Monday, May 16, 2016

Fun with gender

Well, not exactly fun, but some interesting observations.

I sub during the day for teenagers in high school, but late afternoon-night, I tutor younger kids.  They like to tease me, so when I recently addressed a group of boys and girls sitting at my table as "guys", the girls pointed out that they weren't "guys."  I agreed with them, but pointed out that English is predisposed to considering maleness to be default, and female is "different."  How so? 

If I address a mixed group, saying, "How are you guys today?"  the girls will know that I'm including them in that question, and no one will take offense.  But if I was to address the group saying, "How are you girls today?" the boys would feel excluded.  Or worse yet, they'd be insulted.  Um...why?  Why is it OK for girls to be called "guys", but if boys are called "girls", it's an insult?  Why is tomboy a good thing, but the boy equivalent is sissy, which is not? Why is "Daddy's girl" a good thing, but "Mama's boy" is not?  My husband says I analyze things too much, but I point out to him that I'm an English teacher, and that's what we are trained to do.  Plus I think issues like this are fascinating. And being a feminist, I'm always ready to argue about how even our language enforces artificial rules that I don't agree with.

I thought about all of this after renting a cute movie last night.  I totally enjoyed watching it, and it was only this morning that I thought of the fact that there was only 1 female in the movie, and she only has a bit role.  It's called Big Game, and stars Samuel L. Jackson as the President of the United States. He's on his way on Air Force One to a conference in Oslo, but when there is plane trouble over some mountains, he is stuffed into an escape pod and shoved out of the plane. In the meantime, a young Finnish boy, Oskari, is turning 13 the next day.  His father and all of the men in their village, who are all hunters, accompany him to the edge of the forest, to wish him well as he has to spend the night alone.  He is to return the next morning with a trophy of what he hunted during the night, to prove that he is now a man.

Of course there is betrayal of the president involved, by multiple people.  And there is a deranged man who intends to hunt him, thus he is the "big game."  The boy finds the president, and the rest of the story involves how they learn to trust each other, as the boy uses his innate knowledge of the forest and his bravery and intelligence to keep the POTUS alive. And when he turns up the next day at the prearranged place, all of the village men are kneeling in front of the US SWAT team holding rifles on them, since they have no idea what each other are doing there. But the "trophy" the boy brings in impresses everyone.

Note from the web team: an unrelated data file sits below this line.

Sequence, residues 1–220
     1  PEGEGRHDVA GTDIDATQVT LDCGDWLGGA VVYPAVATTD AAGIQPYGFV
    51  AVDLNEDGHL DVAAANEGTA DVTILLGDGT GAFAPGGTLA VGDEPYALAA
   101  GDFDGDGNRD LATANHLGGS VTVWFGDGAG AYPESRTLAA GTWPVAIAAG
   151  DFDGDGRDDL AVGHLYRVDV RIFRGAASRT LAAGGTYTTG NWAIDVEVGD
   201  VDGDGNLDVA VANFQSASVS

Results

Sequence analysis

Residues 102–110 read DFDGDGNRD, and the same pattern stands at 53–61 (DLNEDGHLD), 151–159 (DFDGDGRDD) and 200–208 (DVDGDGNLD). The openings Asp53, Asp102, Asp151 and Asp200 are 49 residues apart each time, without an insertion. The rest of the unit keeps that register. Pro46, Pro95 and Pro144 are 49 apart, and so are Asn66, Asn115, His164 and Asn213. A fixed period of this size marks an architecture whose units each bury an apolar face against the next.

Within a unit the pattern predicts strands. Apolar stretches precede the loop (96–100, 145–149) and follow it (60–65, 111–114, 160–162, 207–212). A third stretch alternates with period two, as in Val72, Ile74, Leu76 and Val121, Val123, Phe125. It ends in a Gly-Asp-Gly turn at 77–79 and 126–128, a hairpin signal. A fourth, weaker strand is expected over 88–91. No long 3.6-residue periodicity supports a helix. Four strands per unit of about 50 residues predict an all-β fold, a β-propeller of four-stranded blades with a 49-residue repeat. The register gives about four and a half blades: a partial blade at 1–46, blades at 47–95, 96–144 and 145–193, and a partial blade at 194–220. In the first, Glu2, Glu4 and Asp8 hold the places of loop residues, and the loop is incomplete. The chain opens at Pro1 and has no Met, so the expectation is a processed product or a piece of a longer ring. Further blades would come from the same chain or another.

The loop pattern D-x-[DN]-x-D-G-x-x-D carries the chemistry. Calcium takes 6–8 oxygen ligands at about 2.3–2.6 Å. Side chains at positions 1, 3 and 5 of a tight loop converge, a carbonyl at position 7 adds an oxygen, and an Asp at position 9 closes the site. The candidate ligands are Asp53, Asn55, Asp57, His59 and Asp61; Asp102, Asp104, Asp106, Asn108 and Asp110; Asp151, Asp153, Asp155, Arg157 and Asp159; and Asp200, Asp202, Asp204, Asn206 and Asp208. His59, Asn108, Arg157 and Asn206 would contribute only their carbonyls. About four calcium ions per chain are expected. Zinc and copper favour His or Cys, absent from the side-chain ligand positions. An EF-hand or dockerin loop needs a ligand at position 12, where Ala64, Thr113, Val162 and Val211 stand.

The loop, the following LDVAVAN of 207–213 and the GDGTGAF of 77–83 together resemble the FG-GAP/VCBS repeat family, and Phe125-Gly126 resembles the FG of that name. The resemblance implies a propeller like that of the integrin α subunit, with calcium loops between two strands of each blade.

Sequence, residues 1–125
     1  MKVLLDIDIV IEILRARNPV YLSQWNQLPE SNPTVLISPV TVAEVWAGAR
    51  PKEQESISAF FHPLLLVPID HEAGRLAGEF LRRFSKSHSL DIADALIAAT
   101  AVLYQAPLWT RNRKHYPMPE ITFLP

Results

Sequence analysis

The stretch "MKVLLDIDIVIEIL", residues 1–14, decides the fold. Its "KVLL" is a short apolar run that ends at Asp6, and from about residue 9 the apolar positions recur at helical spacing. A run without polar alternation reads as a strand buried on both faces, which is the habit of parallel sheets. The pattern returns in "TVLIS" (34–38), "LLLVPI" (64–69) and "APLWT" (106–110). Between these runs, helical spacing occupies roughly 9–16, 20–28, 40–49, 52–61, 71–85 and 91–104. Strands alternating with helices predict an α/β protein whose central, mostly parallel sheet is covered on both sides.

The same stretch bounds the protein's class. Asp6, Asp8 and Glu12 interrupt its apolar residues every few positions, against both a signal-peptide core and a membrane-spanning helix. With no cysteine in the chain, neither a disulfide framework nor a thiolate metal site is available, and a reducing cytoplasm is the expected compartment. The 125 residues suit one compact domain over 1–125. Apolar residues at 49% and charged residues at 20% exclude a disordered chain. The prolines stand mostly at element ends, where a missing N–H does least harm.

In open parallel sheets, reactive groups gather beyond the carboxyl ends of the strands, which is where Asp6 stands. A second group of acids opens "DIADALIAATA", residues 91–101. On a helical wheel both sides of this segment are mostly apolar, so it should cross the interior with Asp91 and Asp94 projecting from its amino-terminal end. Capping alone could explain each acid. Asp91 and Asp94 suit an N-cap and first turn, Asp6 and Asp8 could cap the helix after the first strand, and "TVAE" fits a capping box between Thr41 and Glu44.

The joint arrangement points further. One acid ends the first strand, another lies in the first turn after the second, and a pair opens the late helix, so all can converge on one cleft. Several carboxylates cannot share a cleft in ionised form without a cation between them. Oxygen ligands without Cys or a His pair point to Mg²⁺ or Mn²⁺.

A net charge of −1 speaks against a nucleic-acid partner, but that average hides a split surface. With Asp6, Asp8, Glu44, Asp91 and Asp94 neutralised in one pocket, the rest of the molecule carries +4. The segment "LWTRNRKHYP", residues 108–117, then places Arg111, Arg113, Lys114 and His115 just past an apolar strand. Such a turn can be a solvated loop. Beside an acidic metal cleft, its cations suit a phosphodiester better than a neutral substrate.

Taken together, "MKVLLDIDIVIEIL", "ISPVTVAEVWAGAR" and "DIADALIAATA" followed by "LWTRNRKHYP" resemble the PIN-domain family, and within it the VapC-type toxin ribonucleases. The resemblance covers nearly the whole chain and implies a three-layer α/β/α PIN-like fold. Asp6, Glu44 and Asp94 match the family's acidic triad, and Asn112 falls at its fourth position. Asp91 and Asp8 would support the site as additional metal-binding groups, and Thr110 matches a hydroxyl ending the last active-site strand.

When I commented to my husband that the paucity of females was a bit disturbing, he reminded me that it was a "coming of age" movie about the boy, so of course, there wasn't any need for any female characters.  I asked if he could remember us ever watching any female "coming of age" movies.  We were both hard-pressed to think of any.  So why is it expected and usual for a movie to have only male characters?

Have you ever heard of the Bechdel Test, invented by lesbian cartoonist Alison Bechdel? To pass the test, a work (novel, story, play or film) has to include at least two female characters who talk to each other about something other than men. So few movies pass this test, that if you were to use this as your criteria, you wouldn't get to see many movies at all!

This is why I write my books with strong female characters.  I won't even read, let along write, a story about a simpering young innocent with no ability to take care of herself.  So if you want to read about strong females who are busy leading their own lives, who meet equally strong men who are attracted to strong females, then please head to my website: http://www.fionamcgier.com

My female spy story, Secret Love, has had its final edit.  I'm just waiting for the expected publishing date for this, one of my favorites, to be re-published in a new, improved form.  Maybe next month I'll have more news?  Until then, what do you think of the Bechdel test?  Have you ever heard of it?  Do any media presentations you watch pass it?

1 comment:

Tina Donahue said...

I agree with you, Fiona, the female character has to be strong. That 'good girl' stuff - don't make any waves - has to go.